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Lecture 2

Lecture 2 - Archaeoastronomy and the Sun (continued), Historical Astronomy and the Cycle of the Stars.docx

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Natural Science
NATS 1745
Robin Metcalfe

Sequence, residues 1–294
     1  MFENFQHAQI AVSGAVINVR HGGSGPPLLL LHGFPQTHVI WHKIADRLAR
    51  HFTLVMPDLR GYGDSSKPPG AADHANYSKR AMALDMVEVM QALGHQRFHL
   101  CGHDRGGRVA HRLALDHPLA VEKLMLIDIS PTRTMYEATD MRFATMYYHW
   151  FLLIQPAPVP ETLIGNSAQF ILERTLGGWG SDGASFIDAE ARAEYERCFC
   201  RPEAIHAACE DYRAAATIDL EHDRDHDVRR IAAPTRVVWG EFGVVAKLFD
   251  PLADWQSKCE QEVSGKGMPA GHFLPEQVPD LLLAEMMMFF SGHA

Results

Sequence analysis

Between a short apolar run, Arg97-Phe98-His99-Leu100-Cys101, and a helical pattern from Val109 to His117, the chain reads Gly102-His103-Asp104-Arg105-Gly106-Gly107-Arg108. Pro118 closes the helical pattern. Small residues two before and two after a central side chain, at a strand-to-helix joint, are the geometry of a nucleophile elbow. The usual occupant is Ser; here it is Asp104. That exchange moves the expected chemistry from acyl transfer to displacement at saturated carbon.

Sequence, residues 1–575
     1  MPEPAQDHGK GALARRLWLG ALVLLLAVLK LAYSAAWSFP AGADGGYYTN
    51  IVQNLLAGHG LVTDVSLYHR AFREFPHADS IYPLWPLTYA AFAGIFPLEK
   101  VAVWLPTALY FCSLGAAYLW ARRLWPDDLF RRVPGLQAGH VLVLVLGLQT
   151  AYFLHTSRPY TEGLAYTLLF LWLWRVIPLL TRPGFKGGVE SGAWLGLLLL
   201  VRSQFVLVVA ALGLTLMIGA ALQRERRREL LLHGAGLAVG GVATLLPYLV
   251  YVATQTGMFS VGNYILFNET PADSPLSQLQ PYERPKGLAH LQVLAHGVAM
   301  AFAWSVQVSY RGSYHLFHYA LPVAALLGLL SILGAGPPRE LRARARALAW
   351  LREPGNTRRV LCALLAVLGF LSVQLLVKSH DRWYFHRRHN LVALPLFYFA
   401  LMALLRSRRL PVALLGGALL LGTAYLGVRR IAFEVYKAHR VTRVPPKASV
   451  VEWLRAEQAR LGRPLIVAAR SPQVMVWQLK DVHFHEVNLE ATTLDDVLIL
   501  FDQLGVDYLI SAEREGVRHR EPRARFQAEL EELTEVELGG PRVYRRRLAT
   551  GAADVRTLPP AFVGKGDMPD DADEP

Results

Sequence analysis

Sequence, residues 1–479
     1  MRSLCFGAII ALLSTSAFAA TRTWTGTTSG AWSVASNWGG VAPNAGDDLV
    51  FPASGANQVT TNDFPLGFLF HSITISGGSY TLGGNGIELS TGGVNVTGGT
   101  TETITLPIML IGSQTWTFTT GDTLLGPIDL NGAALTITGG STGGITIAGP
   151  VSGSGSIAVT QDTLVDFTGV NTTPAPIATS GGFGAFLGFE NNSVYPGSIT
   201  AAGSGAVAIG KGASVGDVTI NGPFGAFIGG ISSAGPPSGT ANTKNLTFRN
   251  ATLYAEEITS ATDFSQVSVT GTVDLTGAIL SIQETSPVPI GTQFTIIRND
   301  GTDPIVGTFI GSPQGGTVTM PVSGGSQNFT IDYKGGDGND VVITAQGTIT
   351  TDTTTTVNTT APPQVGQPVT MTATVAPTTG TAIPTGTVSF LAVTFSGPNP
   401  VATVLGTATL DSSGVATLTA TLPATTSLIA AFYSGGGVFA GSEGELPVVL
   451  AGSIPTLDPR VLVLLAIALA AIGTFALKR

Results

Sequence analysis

Lecture 2 –Archaeoastronomy (continued), HistoricalAstronomy and the Cycle of the Stars Thursday, January 09, 2014 1. Archaeoastronomy and the Sun (continued) - How could a prehistoric person have tracked the equinoxes/solstices? All they would have to do is watch the Sun’s motion every day for the duration of at least a year. Therefore, the fact that prehistoric people could track the Sun had no bearing on their ability, or lack of ability, to comprehend the universe - How do we explain the occurrence of the seasons?  The occurrence of the seasons can be explained by the tilt of the Earth (1) The Sun’s Daily Cycle - the direction where the Sun rises (east) and sets (west) is determined by the nature of Earth’s rotation -1) Due to the Earth’s 24-hour eastward spin around its polar axis, the Sun moves westward across the sky; it rises in the east, reaches its highest point at noon, then sets in the west -2) Northern hemisphere: Sun is mostly seen on the South side of the sky, reaching due South at noon -3) Southern hemisphere: Sun is mostly seen on the North side of the sky, reaching due North at noon (2) The Sun’s Annual Cycle -1) Fall and Spring Equinox (September 23 , March 21 ): Sun rises due east and sets due west, spending equal time above and below the horizon (equal day and night  “Equinox” is Latin for “equal nightnd -2) Winter Solstice (December 22 ): Sun rises and sets at its southernmost position, traversing a short, low arc in the sky (shortest day of year and lowest noon Sun)  “Solstice” is Latin for “solar-standstill” -3) Summer Solstice (June 22 ): Sun rises and sets at its northernmost position, traversing a long, high arc (longest day, highest noon Sun) -4) In the S-hemisphere, the Sun’s daily arcs point North rather than South -5) Finding the Sun’s rising and setting positions on the solstices simply requires finding its northernmost and southernmost positions -6) The seasonal changes in the Sun’s daily arc are due to Earth’s 235° tilt from its orbit around the Sun -7) Winter: when a hemisphere is tilted away from the Sun, sunlight hits indirectly (i.e. at an angle), causing low arcs and less light per area -8) Summer: when a hemisphere is titled toward the Sun, sunlight hits more directly causing high arcs and more light per area -9) When one hemisphere is tilted towards the Sun the other is tilted away. Therefore the seasons are experienced at opposite times in opposite hemispheres (3) The Sun and Latitude -1) Latitude: a location’s angle North or South of Earth’s equator -2) Only within the tropics (l<23.5°), can the Sun be seen directly overhead -3) Tropic of Cancer: at 23.5
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